What’s in store for the future of Thai auto industry?
Aside from the emergence of new competitors that costs Thailand's share in key markets, the Thai auto industry is surrounded by many other obstacles such as reliance on new advanced technology and declining foreign direct investment. EIC assesses that expansion of domestic demand wil be key to recovery for the industry in the short-to-medium term.
Author: Sopit Aimpichaimongkol , Nantapong Pantaweesak
Over the past decade, tier 2 production countries1 have played an important role in the global auto industry. The share of cars made within this group jumped from 9% of global production in 2005 to 14% in 2016, with the growth rate being as high as 8% annually. Among these tier 2 production countries, Mexico and India stand out as they had a combined production level of over 8 million units in 2016, more than half of the production within the group. Other countries like Indonesia, Czech Republic, and Slovakia have also increased their production levels rapidly, growing 8%, 8%, and 15% per year, respectively. Additionally, South Africa has transformed from being a net importer of cars to becoming a major exporter, with 9% of total car production being exported in 2016.
On the other hand, the Thai auto industry, which was once in the lead, is now in decline, with the growth rate of only 5% annually. The Thai auto industry has also lost market shares to competitors like Indonesia and South Africa. Since 2010, the value of passenger car exports from Thailand grew only 8% per year. During the same period, Indonesia's passenger car exports expanded at an annual rate of 17%, taking away from Thailand's market share in Japan, Saudi Arabia, and the Philippines. In addition, Thailand is losing market share of pick-up trucks in the UK to South Africa. In 2016, South Africa was able to increase its car export value to the UK by more than 10 times; while Thai exports to the same market has stabilized since 2015. Overall, Thai exports of cars grew only 5% in 2016, down from 12% in 2015.
In the future, the Thai auto industry will face many other challenges especially the increasing use and complexity of electronics parts in car production. The use of electronics parts in a car has not only been increasing, but also becoming more complicated. For example, new cars now use advanced sensors and cameras as a part of an automatic brake system and lane-keeping system. Today, however, Thai players still lack the technology needed to produce such parts and can only handle a simpler system such as airbag and anti-lock braking system. Furthermore, a modular platform that allows different models of cars to share parts and structure is being pursued by several major auto makers to create economies of scale. This trend will dictate the future of part distribution across the globe. For instance, the Toyota New Global Architecture (TNGA) project has begun manufacturing New Prius (2015) and CH-R (2016) that share common powertrain, chassis, and transmission parts. In the past, these parts were only produced in Japan. But, Toyota has expanded production to Turkey; while the Prius production base in Thailand was shut down in 2015, causing Thailand to lose an opportunity to be a part of the TNGA production bases.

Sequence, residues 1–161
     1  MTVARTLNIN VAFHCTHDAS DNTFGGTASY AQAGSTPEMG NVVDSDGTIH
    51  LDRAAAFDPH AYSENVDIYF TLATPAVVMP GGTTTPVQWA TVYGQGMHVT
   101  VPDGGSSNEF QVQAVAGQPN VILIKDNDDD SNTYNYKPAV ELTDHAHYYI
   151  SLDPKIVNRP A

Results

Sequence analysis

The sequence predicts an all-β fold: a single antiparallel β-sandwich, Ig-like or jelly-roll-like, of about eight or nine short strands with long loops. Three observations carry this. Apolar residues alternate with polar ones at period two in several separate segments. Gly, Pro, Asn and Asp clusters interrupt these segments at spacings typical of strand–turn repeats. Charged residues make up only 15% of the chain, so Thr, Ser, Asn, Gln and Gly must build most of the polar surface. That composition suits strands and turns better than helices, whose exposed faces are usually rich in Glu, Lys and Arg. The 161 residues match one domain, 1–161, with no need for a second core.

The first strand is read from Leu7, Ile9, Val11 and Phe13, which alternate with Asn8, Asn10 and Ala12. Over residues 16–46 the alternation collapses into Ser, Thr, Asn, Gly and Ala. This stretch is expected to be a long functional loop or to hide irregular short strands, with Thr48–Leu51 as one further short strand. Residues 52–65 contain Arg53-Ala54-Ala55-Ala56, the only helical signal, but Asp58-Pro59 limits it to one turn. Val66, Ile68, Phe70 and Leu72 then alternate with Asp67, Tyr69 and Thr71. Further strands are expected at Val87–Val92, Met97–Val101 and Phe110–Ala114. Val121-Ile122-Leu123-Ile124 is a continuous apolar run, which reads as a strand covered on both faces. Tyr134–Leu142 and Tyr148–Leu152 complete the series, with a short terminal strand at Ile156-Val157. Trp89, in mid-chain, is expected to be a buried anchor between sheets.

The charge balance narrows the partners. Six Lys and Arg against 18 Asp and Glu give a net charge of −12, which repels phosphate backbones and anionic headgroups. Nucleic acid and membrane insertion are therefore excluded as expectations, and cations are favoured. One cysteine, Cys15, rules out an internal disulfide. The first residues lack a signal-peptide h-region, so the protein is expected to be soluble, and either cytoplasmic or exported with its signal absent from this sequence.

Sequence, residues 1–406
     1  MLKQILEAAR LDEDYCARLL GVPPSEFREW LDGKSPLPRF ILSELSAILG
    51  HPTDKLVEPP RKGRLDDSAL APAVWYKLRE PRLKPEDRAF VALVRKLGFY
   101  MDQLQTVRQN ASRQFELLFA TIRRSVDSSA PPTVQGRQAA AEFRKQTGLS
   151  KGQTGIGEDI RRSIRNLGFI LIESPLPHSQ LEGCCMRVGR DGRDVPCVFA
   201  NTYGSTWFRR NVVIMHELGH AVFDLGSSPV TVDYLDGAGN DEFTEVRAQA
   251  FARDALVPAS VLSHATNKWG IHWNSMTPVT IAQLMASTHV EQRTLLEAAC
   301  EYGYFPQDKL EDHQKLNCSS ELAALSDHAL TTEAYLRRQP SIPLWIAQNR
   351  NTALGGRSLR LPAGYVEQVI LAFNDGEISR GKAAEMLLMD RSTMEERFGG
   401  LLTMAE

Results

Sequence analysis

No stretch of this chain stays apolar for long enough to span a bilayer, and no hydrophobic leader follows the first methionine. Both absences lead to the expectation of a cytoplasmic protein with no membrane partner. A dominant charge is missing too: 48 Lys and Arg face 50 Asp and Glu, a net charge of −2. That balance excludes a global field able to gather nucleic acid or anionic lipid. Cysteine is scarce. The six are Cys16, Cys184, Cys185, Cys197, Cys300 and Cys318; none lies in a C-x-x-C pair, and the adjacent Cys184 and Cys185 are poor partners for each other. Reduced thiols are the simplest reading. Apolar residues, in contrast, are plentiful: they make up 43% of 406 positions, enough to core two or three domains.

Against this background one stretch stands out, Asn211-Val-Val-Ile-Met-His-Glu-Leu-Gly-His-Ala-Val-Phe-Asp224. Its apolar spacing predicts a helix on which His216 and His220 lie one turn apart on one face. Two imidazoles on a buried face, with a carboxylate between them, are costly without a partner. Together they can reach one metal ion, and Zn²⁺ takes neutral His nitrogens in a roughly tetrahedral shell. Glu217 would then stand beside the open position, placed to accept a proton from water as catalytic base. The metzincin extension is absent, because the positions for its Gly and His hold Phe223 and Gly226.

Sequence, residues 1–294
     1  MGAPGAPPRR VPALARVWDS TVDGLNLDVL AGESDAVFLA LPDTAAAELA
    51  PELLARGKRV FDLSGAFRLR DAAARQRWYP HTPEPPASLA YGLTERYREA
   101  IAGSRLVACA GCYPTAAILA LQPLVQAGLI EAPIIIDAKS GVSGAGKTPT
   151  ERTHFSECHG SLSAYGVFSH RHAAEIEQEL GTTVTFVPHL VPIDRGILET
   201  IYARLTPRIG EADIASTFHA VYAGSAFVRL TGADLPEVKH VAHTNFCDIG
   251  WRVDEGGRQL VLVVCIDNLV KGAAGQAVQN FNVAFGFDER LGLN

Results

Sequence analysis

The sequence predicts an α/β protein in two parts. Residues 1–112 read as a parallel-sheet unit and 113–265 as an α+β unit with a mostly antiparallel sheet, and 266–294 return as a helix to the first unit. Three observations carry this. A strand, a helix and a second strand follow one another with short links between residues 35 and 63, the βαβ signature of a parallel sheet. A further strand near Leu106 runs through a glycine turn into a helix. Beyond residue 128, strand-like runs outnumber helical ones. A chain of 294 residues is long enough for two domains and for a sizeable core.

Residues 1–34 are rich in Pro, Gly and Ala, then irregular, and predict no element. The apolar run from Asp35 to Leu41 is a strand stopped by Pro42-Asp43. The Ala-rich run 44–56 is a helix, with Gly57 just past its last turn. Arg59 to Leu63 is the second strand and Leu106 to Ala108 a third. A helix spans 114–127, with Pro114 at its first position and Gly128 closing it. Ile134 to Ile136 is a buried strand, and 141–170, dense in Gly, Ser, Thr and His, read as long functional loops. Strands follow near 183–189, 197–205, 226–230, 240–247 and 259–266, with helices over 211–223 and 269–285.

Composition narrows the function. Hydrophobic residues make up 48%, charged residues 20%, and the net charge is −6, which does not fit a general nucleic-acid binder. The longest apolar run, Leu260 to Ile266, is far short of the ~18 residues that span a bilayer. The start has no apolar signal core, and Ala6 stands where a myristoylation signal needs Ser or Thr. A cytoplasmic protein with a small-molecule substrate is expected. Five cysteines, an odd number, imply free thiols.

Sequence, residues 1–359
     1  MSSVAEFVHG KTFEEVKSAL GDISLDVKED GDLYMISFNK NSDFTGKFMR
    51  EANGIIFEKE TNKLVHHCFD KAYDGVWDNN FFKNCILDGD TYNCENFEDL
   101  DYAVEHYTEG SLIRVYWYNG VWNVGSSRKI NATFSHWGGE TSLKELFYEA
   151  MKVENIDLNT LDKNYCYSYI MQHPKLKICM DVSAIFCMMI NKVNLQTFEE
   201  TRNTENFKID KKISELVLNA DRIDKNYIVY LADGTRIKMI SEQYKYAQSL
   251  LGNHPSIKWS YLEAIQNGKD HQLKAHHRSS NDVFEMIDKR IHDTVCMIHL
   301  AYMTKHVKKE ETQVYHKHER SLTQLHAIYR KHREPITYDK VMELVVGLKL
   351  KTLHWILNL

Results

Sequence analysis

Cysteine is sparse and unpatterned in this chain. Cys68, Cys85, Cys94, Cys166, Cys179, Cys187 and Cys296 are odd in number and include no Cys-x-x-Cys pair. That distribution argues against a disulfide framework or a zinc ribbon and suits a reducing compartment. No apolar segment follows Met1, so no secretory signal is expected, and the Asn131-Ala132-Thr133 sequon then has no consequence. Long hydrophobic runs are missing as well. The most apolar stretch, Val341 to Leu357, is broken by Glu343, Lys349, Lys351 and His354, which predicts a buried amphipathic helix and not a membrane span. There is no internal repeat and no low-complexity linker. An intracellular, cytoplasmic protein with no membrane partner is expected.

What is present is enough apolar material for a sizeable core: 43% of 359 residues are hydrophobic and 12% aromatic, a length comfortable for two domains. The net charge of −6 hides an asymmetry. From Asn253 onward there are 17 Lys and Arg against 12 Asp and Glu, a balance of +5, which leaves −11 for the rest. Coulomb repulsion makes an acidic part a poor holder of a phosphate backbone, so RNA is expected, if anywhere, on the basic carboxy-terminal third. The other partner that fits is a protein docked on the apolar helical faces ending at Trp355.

Furthermore, FDI in the Thai auto industry may barely expand compared to competitors like Indonesia and Mexico. Major car makers, such as Mitsubishi and Nissan, who are Thailand’s key exporters, are forming strategic partnership to share basic car parts production. This collaboration leads to zoning of passenger car and pick-up truck production lines by country. More specifically, Indonesia is likely to become a production hub for passenger cars; while Thailand will only be left with pick-up truck production lines. In addition, Toyota and Ford are planning to invest in factories in Mexico to produce passenger cars, with the investments being as high as USD 1 and 2.5 billion, respectively.
EIC sees that focusing on domestic sales is key to recovery for the Thai auto industry and could bring in more investments from foreign car makers. Thailand's car ownership rate is currently at 227 cars per 1,000 people. This is relatively low compared to advanced economies such as Germany and South Korea who own 559 and 412 cars per 1,000 people, respectively. The governments in both countries have continued to use stimulus measures for car sales such as the Scrappage Scheme. The measure provides tax incentives or subsidies for those who turn in an old car for a new one. It results in a rise of car sales in 2009 by 18% in Germany and 17% in South Korea from the year before the implementation.
Note: 1 Tier 2 production countries include South Africa, Turkey, Mexico, Indonesia, Czech Republic, India, and Slovakia.
Figure 1: Global car production
Unit: Thousand cars
Source: EIC analysis based on data from OICA
Figure 2: Share of electronics parts per vehicle
Source: EIC analysis based on data from Freescale Semiconductor